This blog and all the people that read it: I don't want to be accused of brown-nosing, especially since that's already the colour of my nose, but this is really fantastic job and not a day goes by that I'm not glad to have it. Writing and tweeting from a coffee shop on a Tuesday when I could be, you know, doing something that feels like work in a place that feels like a workplace, makes me the happiest girl in the world. I love it here. I love the people I write with, and I love the people I write to -- well, most of you. You, and you know who you are, I could do without.

Advanced stats: They tell us so much, and yet the masses don't want to hear it. It's easy to see why, too. On the one hand, they distract from the shortsighted narrative of the moment, and that's really no fun. It's not fun to watch a game where one team loses and have someone say "Yeah, well, that's just bad luck based on this stat, they're bound to come around." Sure, and that may be true, but it robs folks of their God-given right to overreact, and dammit, sometimes folks want to overreact. Plus math is hard. Good luck trying to replace people's hearts with calculators, stat heads. You may be right, but people don't want to think about sports -- they want to feel about sports.

Canada: The best country. We did Thanksgiving a month ago because we're more efficient. While you're peeling potatoes, we're just up here replacing this guy's heart with that guy's heart, free of charge.

Dmitry Chesnokov, Senior Writer

Pavel Datsyuk: Awaiting the hockey version of Now You See Me

Dustin Penner following me on Twitter: I celebrated with pancakes, sir!

The great people I met through hockey

NHL Playoffs: the excitement can raise the dead. In a good sense.

Ilya Bryzgalov: you know.

Ryan Lambert, Columnist

College hockey: As much as I love the NHL, I wish there were college hockey games on TV every night. I think I say I'm thankful for it every year but yeah guess what I am still. College hockey is the best. Wow I love it.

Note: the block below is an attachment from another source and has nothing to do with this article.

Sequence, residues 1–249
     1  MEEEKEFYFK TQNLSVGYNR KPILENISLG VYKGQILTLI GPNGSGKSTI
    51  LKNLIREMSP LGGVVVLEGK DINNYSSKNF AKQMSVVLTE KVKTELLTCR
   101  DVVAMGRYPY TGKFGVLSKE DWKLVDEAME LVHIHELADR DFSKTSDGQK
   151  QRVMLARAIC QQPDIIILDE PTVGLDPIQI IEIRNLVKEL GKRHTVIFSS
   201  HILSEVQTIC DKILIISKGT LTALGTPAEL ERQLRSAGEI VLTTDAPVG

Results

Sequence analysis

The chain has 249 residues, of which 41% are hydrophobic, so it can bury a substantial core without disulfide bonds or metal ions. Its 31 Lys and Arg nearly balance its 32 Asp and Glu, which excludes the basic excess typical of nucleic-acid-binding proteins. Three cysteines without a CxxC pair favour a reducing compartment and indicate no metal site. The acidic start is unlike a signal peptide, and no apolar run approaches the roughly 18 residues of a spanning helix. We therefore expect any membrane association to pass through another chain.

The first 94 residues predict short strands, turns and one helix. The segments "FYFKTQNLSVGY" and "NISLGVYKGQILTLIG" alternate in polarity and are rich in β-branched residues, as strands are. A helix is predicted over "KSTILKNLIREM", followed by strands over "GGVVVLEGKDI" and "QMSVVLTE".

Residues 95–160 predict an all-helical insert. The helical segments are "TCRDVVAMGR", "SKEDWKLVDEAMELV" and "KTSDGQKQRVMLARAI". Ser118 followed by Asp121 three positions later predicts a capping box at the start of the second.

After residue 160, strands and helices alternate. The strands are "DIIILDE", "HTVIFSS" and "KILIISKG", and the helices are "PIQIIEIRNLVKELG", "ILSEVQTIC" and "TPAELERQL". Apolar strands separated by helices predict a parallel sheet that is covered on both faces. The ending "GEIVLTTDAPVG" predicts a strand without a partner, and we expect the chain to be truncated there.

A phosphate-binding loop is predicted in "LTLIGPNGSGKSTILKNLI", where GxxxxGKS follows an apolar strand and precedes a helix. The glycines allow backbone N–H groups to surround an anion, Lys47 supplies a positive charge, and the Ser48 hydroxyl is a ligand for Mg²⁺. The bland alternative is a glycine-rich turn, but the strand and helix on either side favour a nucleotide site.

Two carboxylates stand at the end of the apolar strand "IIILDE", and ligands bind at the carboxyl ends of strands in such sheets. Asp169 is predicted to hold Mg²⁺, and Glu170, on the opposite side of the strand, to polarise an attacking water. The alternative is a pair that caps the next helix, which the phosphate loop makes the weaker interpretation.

Teemu Selanne: I will miss him terribly when he goes.

Hockey's "advanced" stats movement: It's nice to know how things are going to happen in hockey before they do. Predictive stats like corsi enrich our understanding of the game so much, and really help you to appreciate players who might otherwise get short shrift. It also really helps with fantasy hockey.

The Puck Daddy commenters: Just kidding.

Darryl Dobbs, Dobber Hockey

Players who make me look good: Being in the fantasy hockey game I'm always sticking my neck out with bold predictions that take heavy criticism. So when a player pulls through for me, it allows me to gloss over my whiffs. This year it's Ben Bishop (projected over 31 wins) making me thankful. Let's focus on that, and not the Nathan MacKinnon/70 points thing.

Players who make all prognosticators look bad: It's okay if I projected David Desharnais to get 54 points because he's been so terrible that all prognosticators missed badly with him. As long as the other guys get dragged down with me, I'm okay with being wrong.

My Barry Trotz Theory proven once again: No, the Predators didn't magically discover Dan Ellis and turn him into a capable starter and then he suddenly lost his mojo on another team. No, Predators scouting didn't see "star power" in Chris Mason back in 1998 - star power that dissolved once he left Tennessee. And no, Anders Lindback didn't have NHL starter potential in Nashville only to have it suspiciously disappear upon moving to Tampa. It's the Barry Trotz coaching system in which any average goaltender can flourish. So if another team acquires Marek Mazanec in the offseason after an impressive 2013-14 - don't fall for it.

Smaller goalie pads: Anything that promotes more goals, my fantasy-hockey self is all for it.

Ted Nolan: For some reason, I just feel good about this guy being back in the NHL. And even better that it's back in Buffalo. I don't like how something unexplainable sometimes happens in this league and no explanation is given. Why was the coach of the year fired and then had trouble getting another NHL job? Now to set my mind fully at peace, let's see Lonny Bohonos make an NHL team at 40. That guy had 18 points in 22 career regular season and playoff games for the Leafs, never to be heard from again.